• Ebionsim – According to the Ebionites Jesus was just a man.  A man with extraordinary gifts of power, righteousness, and wisdom, but not God.  They held that at the baptism “the Christ” descended upon the man Jesus, and then at some point before Jesus’ death the “Christ” departed.
  • Arianism – In the 4th Century Arius of Alexandria popularized the opinion that Jesus was not equal with God.  Instead, before the beginning of time Christ was created by the father.   Thus, Christ was neither fully man, nor fully God.  This view was condemned as heresy by the Nicean Council in 325.  The creed reads in part, “believe in one God, the Father Almighty, Maker of heaven and earth, and of all things visible and invisible.  And in one Lord Jesus Christ, the only-begotten Son of God, begotten of the Father before all worlds; God of God, Light of Light, very God of very God; begotten, not made, being of one substance with the Father, by whom all things were made.”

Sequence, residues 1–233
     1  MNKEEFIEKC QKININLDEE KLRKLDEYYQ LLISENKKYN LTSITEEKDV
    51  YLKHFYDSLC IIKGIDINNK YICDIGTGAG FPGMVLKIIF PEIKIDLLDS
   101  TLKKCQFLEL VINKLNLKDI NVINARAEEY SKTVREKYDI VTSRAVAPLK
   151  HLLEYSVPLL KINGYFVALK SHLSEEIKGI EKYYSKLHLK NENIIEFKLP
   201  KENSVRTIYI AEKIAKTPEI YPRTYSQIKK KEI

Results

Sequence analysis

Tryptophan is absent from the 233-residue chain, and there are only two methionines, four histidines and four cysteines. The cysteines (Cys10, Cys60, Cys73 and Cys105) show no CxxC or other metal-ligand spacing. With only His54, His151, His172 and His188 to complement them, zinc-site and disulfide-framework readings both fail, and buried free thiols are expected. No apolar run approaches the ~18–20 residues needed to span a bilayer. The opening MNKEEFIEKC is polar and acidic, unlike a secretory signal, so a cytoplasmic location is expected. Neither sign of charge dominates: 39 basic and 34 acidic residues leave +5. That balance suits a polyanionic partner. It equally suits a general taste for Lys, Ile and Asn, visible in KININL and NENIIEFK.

• These heresies, which view Jesus a just a historical figure, are still alive and well today.
  • Jesus Seminar & John Dominic Crossan – The Jesus seminar sought to find the “real” Jesus of history by evaluating the Gospel and deciding what really happened.  Needless to say, the distinctly supernatural aspects of the gospel were removed Thomas Jefferson style. 
  • Jehovah’s Witnesses – The theology of the JW is essentially Arian.  That is why when they come to your door they want you to believe that John 1 doesn’t really say that the “word was God”, but instead that the word was “a god.”
  • The Da Vinci Code (just a new form of Gnosticism) – Jesus was a historical figure who played a huge role in history, but he was not God.  In fact, he is most helpful for selling books not salvation.